After the Webinar: Federal Legislation Impacting Children Missing from Care and NCMEC Resources. Q&A with Leemie Kahng-Sofer

Webinar presenter Leemie Kahng-Sofer answered a number of your questions after her presentation, "Federal Legislation Impacting Children Missing from Care and NCMEC Resources." Here are some of her responses.

 

Audience Question: Sharon is working with a teenage girl who has been an endangered runaway and was a victim of sex trafficking. Do you have any resources that could help her out?

Leemie Kahng-Sofer: Our Family Advocacy Division can try to connect with local resources. I'm not sure if this case was reported to NCMEC. If you email me, we can start a discussion offline and I can connect you to the appropriate people. I'd be very happy to do that.

 

 

Audience Question: I have noticed that many times the leads are not given to the proper law enforcement agency in the city where they think a child is located. Callers with tips should contact that agency rather than the original agency. Because often when the lead is sent days later it is too late.

Leemie Kahng-Sofer:  In terms of our process and understanding of how it works. When we do our posters, we do list the originating agency. We very much understand that that may not be where the child is located, so if anybody does call with a lead to us, we will immediately reach out and send that out to the originating agency who will then coordinated with the other agency. In terms of recommendation, we have our process in place and it's been in place for quite some time because we do want to make sure that the originating investigating agency is aware. That's most of our dealings, but certainly, if there's a lead caller and they cite somebody. They can call us and we can try to make the connections as quickly as possible. But in terms of who we list on our poster, it is the investigating agency that we do have to list.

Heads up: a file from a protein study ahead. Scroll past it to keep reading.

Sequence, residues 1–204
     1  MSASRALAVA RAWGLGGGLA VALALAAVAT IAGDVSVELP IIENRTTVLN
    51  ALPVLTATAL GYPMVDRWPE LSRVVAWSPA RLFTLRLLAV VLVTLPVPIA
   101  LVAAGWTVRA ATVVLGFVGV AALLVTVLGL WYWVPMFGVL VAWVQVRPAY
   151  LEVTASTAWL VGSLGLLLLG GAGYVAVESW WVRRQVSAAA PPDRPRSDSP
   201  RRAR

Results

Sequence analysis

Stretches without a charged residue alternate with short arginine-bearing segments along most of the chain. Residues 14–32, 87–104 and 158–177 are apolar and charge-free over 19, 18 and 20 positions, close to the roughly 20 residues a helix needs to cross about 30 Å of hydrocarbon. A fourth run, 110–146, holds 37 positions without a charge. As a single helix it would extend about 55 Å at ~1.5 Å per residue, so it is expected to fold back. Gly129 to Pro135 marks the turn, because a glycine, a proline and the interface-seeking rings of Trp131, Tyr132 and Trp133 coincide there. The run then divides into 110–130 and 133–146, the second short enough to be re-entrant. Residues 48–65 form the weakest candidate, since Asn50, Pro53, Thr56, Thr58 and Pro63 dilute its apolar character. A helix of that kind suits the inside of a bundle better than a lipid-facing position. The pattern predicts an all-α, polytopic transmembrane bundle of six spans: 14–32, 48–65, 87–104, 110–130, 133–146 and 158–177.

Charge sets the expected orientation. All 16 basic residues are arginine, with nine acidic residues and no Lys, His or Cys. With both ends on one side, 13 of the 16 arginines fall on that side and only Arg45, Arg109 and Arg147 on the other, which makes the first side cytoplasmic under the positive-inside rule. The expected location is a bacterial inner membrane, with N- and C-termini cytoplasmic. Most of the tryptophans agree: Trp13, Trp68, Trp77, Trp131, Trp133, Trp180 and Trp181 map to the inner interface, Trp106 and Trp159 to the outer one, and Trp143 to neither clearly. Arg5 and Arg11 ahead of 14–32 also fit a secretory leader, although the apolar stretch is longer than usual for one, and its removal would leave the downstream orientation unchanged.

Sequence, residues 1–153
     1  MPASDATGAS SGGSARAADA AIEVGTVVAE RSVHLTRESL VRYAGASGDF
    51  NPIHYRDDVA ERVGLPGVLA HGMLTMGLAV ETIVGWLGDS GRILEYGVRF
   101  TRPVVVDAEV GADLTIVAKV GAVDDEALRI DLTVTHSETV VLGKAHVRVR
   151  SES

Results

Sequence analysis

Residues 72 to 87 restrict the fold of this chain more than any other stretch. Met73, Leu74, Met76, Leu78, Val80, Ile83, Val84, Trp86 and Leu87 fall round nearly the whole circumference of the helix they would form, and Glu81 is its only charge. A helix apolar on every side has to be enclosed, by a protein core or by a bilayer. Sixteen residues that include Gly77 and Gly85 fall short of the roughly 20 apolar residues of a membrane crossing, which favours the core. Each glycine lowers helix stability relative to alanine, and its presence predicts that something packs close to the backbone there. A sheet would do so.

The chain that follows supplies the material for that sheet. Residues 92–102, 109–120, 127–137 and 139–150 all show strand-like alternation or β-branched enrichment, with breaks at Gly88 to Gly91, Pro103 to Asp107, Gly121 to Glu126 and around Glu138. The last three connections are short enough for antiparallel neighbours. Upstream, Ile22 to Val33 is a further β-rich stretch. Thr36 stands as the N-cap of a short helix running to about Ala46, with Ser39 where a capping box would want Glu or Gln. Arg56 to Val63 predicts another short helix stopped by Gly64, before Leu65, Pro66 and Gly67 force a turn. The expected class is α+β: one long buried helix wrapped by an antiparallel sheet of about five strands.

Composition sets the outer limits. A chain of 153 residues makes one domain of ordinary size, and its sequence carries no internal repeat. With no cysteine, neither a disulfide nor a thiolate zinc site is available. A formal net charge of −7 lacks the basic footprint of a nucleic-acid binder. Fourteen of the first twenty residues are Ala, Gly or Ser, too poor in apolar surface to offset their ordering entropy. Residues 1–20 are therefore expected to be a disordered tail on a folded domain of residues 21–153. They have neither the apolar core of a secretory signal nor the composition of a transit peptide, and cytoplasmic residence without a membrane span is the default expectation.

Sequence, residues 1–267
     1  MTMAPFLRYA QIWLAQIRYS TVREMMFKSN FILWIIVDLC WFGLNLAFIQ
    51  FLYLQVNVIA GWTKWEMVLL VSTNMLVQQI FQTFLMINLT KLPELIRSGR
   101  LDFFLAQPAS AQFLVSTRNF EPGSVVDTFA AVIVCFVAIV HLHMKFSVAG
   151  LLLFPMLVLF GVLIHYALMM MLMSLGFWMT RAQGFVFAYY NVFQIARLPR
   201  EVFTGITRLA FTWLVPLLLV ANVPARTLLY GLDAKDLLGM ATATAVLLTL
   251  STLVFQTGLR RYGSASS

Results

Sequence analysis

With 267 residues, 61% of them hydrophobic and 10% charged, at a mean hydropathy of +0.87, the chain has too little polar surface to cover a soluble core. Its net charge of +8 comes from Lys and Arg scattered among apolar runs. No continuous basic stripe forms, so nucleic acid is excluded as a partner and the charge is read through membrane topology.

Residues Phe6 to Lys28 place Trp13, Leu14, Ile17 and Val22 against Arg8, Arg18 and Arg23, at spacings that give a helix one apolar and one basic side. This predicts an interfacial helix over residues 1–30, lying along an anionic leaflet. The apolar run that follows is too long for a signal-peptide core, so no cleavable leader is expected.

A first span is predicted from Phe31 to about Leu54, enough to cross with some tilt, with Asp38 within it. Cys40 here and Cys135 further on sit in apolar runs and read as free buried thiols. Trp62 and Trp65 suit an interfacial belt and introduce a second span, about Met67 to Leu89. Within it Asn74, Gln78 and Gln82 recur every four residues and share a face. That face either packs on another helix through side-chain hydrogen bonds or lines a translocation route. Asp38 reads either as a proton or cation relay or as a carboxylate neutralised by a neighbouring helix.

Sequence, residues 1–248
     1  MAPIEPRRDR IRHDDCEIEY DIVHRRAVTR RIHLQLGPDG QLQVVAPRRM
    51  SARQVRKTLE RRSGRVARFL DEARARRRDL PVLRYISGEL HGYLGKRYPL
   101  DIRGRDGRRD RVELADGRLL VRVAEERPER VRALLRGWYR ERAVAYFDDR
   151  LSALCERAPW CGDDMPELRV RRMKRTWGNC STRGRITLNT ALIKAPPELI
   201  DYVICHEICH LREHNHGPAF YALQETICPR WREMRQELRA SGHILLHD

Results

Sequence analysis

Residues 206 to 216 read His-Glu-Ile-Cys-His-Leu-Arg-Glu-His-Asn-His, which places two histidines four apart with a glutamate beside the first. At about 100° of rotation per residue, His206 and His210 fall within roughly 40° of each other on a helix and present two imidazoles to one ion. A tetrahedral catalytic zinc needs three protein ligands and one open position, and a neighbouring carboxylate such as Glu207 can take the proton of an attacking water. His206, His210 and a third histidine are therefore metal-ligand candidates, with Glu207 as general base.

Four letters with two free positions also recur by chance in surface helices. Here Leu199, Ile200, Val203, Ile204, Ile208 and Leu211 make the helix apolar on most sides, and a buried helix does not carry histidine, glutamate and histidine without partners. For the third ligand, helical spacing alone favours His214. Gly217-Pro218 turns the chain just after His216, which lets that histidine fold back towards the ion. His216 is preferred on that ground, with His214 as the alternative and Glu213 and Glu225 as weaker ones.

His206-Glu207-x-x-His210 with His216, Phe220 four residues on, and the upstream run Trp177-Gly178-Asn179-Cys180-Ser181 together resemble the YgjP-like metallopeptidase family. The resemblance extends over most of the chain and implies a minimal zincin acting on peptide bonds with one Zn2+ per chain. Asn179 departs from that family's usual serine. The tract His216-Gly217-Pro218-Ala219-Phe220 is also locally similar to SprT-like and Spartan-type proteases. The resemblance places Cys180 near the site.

Audience Question: Is a juvenile probation officer considered law enforcement for reporting purposes?

Leemie Kahng-Sofer: I don't know if you are sworn law enforcer. Sworn law enforcer status impacts the ability to receive information. But certainly, if you have somebody that you are aware is missing and their legal guardian has not reported to us, you can report it to us. We will take that report of the missing child. There are some agencies that we do understand that guardianship is shared between the child welfare agency and the juvenile justice or probation agency. if you're not one of those jurisdictions but you're aware of a missing child, then certainly you can report. We do ask though that you provide the information of the contact, who is the case or social worker for the agency that does maintain the guardianship. We do recommend that law enforcement report be in place and preferably also have them in NCIC just so that we can do posters and try to get our resources up as immediately as possible. But you can call us.

 

 

Audience Question: Are states required to implement their own statutes reflecting the federal legislation or are they automatically incorporated into the requirements? 

Leemie Kahng-Sofer: I do understand that after the passage of HR 4980 that there are a number of states that actually pass their own state version of this. The only mandate that the federal legislation had was that the child welfare or state agency who's responsible for the care and custody of the child create specific policies in expeditiously locating, or what efforts, what was going to be in place for quickly recovering a missing child. I know that there are states who have implemented their own state legislation that incorporates this. And then there are state agencies who created policies that incorporate the mandate as well.

 

Click Here to Watch a Recording of "Federal Legislation Impacting Children Missing from Care and NCMEC Resources."

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